Crouch and his wife had at least eight children, most of whom died in childhood. One daughter, Mary, was married to Robert S. Caseley, Wesleyan minister in South Australia in 1863, and another, Ann, to Robert Shoobridge in 1871. The eldest son, Thomas James, became an architect, designing among other work the General Post Office in Melbourne; there he died on 4 December 1889.

The second son, George Stanton (b. 1 May 1834), was educated like his brother at Bonwick's and Hutchins Schools. They were active in Wesleyan Sabbath school and temperance work at St Kilda after failing at the diggings. George was a farmer at Kangaroo Valley, near Hobart, from 1854 until 1863 when he sailed with his wife for New Zealand. His job at Invercargill as clerk and book-keeper at the Southland News ended in 1870 when he became part-owner of both it and its rival, the Southland Times. In these years he advocated total abstinence and was a prominent Wesleyan. He returned to Hobart in 1871 and ran an auctioneer's salesroom until 1905. In 1883 he was elected alderman of the City of Hobart and served for twelve years, being mayor in 1892, but was prevented from becoming a justice of the peace by his Quaker-like refusal to take the oath. He gained ambivalent repute as the 'Teetotal Mayor' and startled Saturday night revellers by regular inspections of public houses, always with a police bodyguard.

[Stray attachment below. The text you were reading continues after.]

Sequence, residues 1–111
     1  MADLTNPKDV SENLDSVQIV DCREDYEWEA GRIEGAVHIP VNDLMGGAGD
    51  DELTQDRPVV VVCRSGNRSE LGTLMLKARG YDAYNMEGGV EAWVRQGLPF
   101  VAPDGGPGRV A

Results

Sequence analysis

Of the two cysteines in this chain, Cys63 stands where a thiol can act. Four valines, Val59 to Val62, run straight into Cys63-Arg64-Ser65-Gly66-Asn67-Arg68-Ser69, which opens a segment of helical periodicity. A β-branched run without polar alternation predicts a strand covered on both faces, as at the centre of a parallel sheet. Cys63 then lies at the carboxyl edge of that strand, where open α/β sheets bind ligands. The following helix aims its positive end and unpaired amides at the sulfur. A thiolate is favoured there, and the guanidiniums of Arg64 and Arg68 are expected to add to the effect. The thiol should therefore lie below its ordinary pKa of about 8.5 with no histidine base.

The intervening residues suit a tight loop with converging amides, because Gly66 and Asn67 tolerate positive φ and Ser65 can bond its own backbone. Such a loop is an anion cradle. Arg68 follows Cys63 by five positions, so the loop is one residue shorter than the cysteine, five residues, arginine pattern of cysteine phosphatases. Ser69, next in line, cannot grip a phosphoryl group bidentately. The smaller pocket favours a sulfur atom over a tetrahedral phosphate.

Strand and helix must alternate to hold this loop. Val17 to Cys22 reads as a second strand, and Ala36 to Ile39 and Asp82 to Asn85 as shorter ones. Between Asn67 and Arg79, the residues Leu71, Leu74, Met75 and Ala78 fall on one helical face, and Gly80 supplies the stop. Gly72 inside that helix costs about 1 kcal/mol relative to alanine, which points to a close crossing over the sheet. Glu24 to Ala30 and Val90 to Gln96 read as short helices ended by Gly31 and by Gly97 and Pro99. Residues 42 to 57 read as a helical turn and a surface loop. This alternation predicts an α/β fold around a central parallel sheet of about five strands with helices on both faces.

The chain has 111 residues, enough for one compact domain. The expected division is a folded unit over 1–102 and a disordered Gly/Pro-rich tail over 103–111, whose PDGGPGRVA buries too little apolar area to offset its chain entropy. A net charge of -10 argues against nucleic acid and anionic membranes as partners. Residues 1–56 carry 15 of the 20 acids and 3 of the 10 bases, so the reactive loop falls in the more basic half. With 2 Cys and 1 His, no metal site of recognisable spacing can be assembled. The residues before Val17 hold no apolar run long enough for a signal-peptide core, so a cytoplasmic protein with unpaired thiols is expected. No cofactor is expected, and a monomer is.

He was associated with several commercial enterprises that were also partly philanthropic; chairman of the Tasmanian Mutual Trustees, Executors and Agency Co. Ltd, the Coffee Palace which became the Imperial Temperance Hotel, the Hobart Mutual Building Society and the Agricultural and Pastoral Society which in 1874 began annual show days at Elwick. He was senior circuit steward of the Wesleyan Church in 1871 and a deacon of the Memorial Congregational Church in 1886. In 1871 he joined the committee of the Hobart Town Benevolent Society, became its honorary secretary in 1882 and its treasurer for over twenty years. He represented Tasmania at early meetings of the Australasian Charity Organization Society in Melbourne in 1890 and 1892 and read papers written by himself and by Lady Teresa Hamilton, the wife of the governor of Tasmania.

Crouch published his reminiscences in the Hobart Critic in 1912 and died at his home on 11 June 1914. He had married the organist at the Wesley Centenary Chapel in 1861; she died in 1880, survived by a son and three daughters.

Select Bibliography

  • Tasmanian Tribune, 18 Jan 1876
  • Mercury (Hobart), 5 Dec 1889, 31 May 1890, 12 June 1914
  • T. J. Crouch, Personal Biography, 1880 (microfilm, Archives Office of Tasmania).

Citation details

Peter Bolger, 'Crouch, Thomas James (1805–1890)', Australian Dictionary of Biography, National Centre of Biography, Australian National University, http://adb.anu.edu.au/biography/crouch-thomas-james-3296/text5011, published first in hardcopy 1969, accessed online 20 July 2018.

This article was first published in hardcopy in Australian Dictionary of Biography, Volume 3, (MUP), 1969